For Novell to suggest OES Linux as a replacement for Netware and not have all the filesystem attributes benefits etc transfer from NSS on netware to Linux means "Your job is not done very well at all !!". The message becomes "Dear customer please relax your requirements OR switch to an NTFS Solution".
    As you work your way through the other services that Netware provided that worked very well you see more of the same - the so called equivalent Linux solution is somewhat half baked or requires relaxed requirements on your part.
    OPEN SLP is not the same as Netware SLP.
    OPEN SSL is not the same as Netware hosted SSL
    There are others as well.
    As these caveats and accomodations start adding up and long time Netware afficionados start to say Lets go to Windows, it's just easier than having to deal with all these exceptions and quirks.
    The issue here os one of ability to deliver or execute.
  • Quote - " Netware is/was slowly dying, Linux was the only chance."

    Every wonder why Netware is dying? I'll give you three guesses and the first two don't count. Clue: It's not the Netware OS. That leaves...let me see...oh yes, M&M, Management and Marketing.

    If you are a lousy NASCAR driver, changing cars won't make any difference.
  • You have probably all seen this by now, but just in case you haven't here it is...

  • I would hate to see that happen, that pretty much makes me have to find a new career. I have been working with Novell products for the past 13 years and I see that Novell being sold to someone else as the end. Since if it would be Microsoft acquiring them that would be the end of OES/ SUSE, if Red Hat buys them again death for OES/SUSE , and if IBM buys them.... well lets just say that Novell being bought means I need to find another career. I was just starting to get a hang of OES/Linux and could see how maybe I was going to be moving up to the 64 bit version. Oh well have to see what next week holds.
  • blogs.barrons.com/.../

    "DiFucci noted that he held meetings with Novell CFO Dana Russell yesterday. He writes that Russell “entertained the possibility of breaking out some parts or of selling the entire company in order to maximize shareholder value given the current depressed valuation levels.” DiFucci writes that, while Russell also asserted that management is making progress in unlocking some of the value of the company, the discussion about a possible break-up or sale “could signal the company’s willingness to be acquired.”"

    Maybe OES won't matter much anymore.
  • The new Linux 2.6.30 kernel added more filesystem support, but NSS still sits out there on it's own. This could definitely use some improvement.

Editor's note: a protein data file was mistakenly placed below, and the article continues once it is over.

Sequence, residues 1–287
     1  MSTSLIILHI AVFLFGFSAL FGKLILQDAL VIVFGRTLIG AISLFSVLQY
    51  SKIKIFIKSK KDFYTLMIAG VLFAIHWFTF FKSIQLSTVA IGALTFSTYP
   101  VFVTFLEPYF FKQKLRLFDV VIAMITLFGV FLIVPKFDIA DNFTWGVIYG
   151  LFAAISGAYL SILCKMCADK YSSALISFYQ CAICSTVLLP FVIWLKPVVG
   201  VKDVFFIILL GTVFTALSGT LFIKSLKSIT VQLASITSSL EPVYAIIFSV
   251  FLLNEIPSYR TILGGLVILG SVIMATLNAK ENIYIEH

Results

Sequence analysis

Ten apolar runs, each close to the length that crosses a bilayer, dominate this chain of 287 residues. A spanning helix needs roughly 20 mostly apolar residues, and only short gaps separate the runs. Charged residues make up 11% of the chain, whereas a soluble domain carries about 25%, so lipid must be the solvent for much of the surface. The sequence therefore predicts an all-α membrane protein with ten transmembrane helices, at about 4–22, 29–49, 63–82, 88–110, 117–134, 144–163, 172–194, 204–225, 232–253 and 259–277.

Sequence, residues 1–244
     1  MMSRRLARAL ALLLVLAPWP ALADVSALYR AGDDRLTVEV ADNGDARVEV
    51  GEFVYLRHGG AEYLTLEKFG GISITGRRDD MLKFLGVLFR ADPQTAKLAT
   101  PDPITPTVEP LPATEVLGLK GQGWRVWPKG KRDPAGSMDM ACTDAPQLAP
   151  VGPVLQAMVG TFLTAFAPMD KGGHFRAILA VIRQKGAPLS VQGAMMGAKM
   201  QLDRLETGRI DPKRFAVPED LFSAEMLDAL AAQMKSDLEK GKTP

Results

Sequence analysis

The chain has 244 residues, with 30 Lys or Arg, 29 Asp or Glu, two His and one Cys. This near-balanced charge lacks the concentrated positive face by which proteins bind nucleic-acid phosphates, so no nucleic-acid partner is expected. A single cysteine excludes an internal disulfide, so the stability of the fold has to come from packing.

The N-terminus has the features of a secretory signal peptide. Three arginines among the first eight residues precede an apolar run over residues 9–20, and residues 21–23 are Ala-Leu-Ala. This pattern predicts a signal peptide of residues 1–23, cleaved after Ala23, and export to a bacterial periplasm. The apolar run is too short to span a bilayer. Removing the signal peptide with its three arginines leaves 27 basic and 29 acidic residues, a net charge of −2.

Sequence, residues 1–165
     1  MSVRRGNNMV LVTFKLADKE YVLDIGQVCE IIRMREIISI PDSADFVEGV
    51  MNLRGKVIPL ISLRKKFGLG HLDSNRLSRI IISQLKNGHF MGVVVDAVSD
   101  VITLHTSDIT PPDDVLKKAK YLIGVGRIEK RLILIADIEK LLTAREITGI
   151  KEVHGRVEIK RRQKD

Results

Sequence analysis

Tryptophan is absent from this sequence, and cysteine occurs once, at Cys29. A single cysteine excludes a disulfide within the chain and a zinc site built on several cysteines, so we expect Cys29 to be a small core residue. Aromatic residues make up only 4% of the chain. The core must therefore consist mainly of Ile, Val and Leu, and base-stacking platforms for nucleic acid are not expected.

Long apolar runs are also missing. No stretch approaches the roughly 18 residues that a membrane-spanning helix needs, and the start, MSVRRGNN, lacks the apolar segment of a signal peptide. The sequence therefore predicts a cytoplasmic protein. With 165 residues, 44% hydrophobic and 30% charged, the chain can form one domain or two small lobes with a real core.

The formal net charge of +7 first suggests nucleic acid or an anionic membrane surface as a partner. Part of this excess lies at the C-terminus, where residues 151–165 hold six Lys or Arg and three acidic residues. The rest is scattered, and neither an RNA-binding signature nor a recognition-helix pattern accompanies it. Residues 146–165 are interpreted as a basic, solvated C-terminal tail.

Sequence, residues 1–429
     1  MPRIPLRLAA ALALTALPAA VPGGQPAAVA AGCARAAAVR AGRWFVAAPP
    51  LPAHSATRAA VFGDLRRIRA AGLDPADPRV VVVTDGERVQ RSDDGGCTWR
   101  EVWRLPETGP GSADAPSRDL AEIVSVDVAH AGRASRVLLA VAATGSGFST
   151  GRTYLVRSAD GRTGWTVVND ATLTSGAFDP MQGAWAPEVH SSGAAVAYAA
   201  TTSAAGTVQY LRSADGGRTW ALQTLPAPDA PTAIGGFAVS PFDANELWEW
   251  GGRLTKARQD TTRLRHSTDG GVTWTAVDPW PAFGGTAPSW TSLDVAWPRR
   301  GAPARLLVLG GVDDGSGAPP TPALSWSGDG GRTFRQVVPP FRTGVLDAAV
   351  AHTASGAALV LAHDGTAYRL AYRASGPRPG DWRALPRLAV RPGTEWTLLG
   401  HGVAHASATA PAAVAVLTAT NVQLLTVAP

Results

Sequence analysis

• Novell has made some great strides with SLES 10 SP2/ OES 2 SP1b one thing they still need to improve upon is there interoperability between versions. You have to have a specific version of SLES to work with OES. Also there needs to be greater documentation for using SLES/OES in a XEN or VMWare environment. I am still working my way through this but I think that by mainly trail and error I was able to figure out some of the minor issues that were dogging me throughout, (mainly CD-ROM access). Also the maintenance of the server whether in an virtual or physical environment needs to be better understood. SLES 11 has made some even greater strides in ease of installation, USB functionality, and stability. I have SLES 11 running as my XEN host machine and I have a couple of SLES 10 servers running as guests and for now they have been very steady and access compares very well to a physical machine. The only issue I have with SLES 11 is trying to figure out the patching update engine, and why OES services are not able to run atop of it, still not understanding why Novell does not have the OES services ready at the time of the OS release. Other than that I have still had a great deal of growing pains, but I am hopefully getting those pains handled in a timely enough manner.
  • It's been some time since Flying Guy's initial rant.

    How has Novell addressed these issues? What could be improved?
  • Like many others I have had my shares of frustrations with working with SLES 10 SP1 (soon going to SP2) I have done a great number of installs with several versions of NetWare (I have been using NetWare for the past 13 years) however I understood the need to move onto Linux so as to keep up with the changes at Novell. It took awhile but I have finally learned how to use EVMS right from the start of the installation, there have been improvements with that function in SLES 10, and I have found that NSS volumes work very well for most products (except VMware, NSS volumes are not easily loaded by VMware), iPrint, has for the most part been steady, and has the file structures itself, I did have some unique issues with using the client to connect to a pure SLES environment as compared to having a mix of NW and SLES boxes. Put for the most part I have moved past those issues. I have been working with SLES for about three years now (started with SLES 8) and though there are still issues I am finding that an install and configuration can be accomplished quite quickly. I do agree that Novell needs to improve upon it's documentation and tightening up the integration of NW products to those that are running on SLES now. I would be happy to share my experiences with SLES 10 SP 1 if anyone needed further assistance.
  • But I digress....

    The value of NetWare is not the NetWare kernal, let us be clear on that. The value(s) of NetWare are:

    • NCP ( Netware Core Protocols). This set of protocols makes CIFS look like the POS that it is.

    • NetWare Utilities such as TCPCON, Monitor, FILTCFG, INETCFG, etc. go 1000% above the Linux utilties.

    • NSS is an actual Network File System, extremely fine grain control, exceptional performance and reliability. This needs to be merged into the kernel and made one of the choices for the native file system, just like Reiser, ext2,3 etc.

    No, it is not slowly dying, it is slowly be killed, lets be clear on that. Sadly, what they have replaced it with, while possibly adequate, is by no means as reliable, elegant, trustworthy or agile as NetWare IS!

    Yes, I did mean to end that sentence with a preposition!